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“Ideally we should be testing 5,000 a day”

The CEO of the Danish Health Board expressed his anxiety that the Danish testing strategy was under pressure due to capacity problems and therefore not testing as advised.

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By Bente D. Knudsen

Søren Brostrøm, the CEO of the Danish Health Board, said to Danish DR’s program, Lægens Bord, that the testing capacity problems in the Danish health sector were creating a situation where the testing strategy was not fulfilled.

This, he mentioned, created a situation where GP’s were forced to prioritise even harder on those who were sick with coronavirus like symptoms and who were in the risk group and had to refrain from testing for instance health personnel with light symptoms.

Status at present is that 15,981 have been tested and of those 1,851 are confirmed infected with COVID-19. There have been 34 deaths, 350 are hospitalised and of them 87 are in intensive care, of those needing intensive care, 78 are in a ventilator.

“We will expect to see more the coming days, we are in week three of the epidemic and we can expect to see these numbers rise. How steeply and where we are on the risk curve is still to early to tell, we will be able to say more about this by the end of next week,” Søren Brostrøm said.

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The focus of the authorities is no longer on finding all those with symptoms and testing them to ascertain if they have the COVID-19 virus.

As the virus has now spread from person to person in the Danish society, the focus is on identifying those at risk and taking the necessary precautions to alleviate the effect of the virus on them.

This means that patients with light symptoms are to stay at home and will not be tested for coronavirus, whereas those with severe symptoms are to call their GP.

The GP will then access their state of illness and their risk of severe effects of the illness depending on their risk profile, and the GP will which further measures are to be taken such as for instance testing them for the coronavirus.

“WHO’s statement concerning testing is being listened to,” Søren Brostrøm from the Danish Health Board said after massive questioning by the Danish media as to why Denmark is not testing enough.

WHO looks at the whole world and speaks with all countries in mind, also those who have not started testing yet and who are looking at the start of the epidemic, much as we did in the beginning, however, we also need to translate the advice from WHO into a Danish context and the context both of the Danish population and the Danish health care system.”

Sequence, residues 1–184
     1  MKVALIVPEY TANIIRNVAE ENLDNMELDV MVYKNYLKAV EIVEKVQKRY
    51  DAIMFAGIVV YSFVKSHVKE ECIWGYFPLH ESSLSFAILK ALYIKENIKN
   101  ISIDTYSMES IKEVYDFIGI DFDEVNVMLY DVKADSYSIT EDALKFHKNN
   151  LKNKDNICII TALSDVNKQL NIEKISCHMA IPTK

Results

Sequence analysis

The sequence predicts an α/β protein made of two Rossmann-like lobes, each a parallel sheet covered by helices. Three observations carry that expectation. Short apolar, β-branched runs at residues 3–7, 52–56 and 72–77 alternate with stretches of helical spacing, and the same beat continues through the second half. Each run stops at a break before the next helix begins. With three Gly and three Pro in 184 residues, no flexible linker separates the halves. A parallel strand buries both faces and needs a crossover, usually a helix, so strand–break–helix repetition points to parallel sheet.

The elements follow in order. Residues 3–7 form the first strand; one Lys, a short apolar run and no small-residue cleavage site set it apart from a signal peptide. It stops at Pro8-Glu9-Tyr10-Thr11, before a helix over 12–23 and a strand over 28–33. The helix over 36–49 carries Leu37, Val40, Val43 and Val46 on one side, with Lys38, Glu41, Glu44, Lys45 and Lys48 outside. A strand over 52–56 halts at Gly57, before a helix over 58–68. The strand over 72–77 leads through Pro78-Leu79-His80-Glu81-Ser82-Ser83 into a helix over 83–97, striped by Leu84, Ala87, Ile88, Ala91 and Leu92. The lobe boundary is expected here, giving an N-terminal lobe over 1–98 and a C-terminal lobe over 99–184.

The problem at the moment is not a lack of a strategy for more widespread testing, but a short term shortage in testing capacity which, according to Søren Brostrøm, everyone in the Danish health care system is working very hard at solving.

Once solved the full testing strategy can be implemented, a strategy where up to 5,000 people are tested daily much as they do in Norway, a Scandinavian country Denmark can be compared with.

A full implementation means that for instance those working in the health care sector with light symptoms can be tested.

The strategy for health care personnel is to test them for coronavirus in order to evaluate whether or not they, despite light symptoms that are not the coronavirus, can still fulfill a critical function.

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A  symptomatic person in a high risk group will be tested for COVID-19 so the authorities can determine if further intervention (hospitalisation) might be necessary.

This means that if you are exhibiting coronavirus-like symptoms: fever, coughing, muscle pain, you will NOT be tested for the coronavirus if you are a normal healthy person, or child ( but not if you are an infant), and your general state of health and the symptoms of your illness are mild or moderate.

The authorities will refrain from using resources on people who are not in the risk group and who do not have any serious symptoms (respiratory problems for instance are severe symptoms).

In the group to be tested are also pregnant women due for labour who have light symptoms as well as infants and newborn children with light symptoms.

The testing of infants and very young children is from a precautionary measure as it is important that infants can be examined for any medical condition and therefore the medical care personnel needs to know if the infant or young child could be infected with the coronavirus.

The specific updated guidelines also enable more testing of health care workers and those working in other care facilities.

They can be tested even if they have only mild symptoms, or are simply in quarantine, not so much because more with mild symptoms need testing, but more to reduce the risk of a shortage in health care workers, who, because they have a cold, are sent home for 14 days.

“For these people we need to make sure if they are infected with coronavirus, as if they just have a cold, we may need them back before the two-week quarantine is over.”

However, this does not change our testing strategy, which is to focus on testing those who will need some kind of medical care, even hospitalisation, so that we know if they are at risk of spreading the virus when they come in touch with the health care system.

For all others the message remains, if you have symptoms, even very mild ones, stay at home and avoid close contact with others and wash your hands frequently.

If you get more seriously ill, such as a high fever for several days or respiratory problems call your GP or the on guard after hour medical service.”

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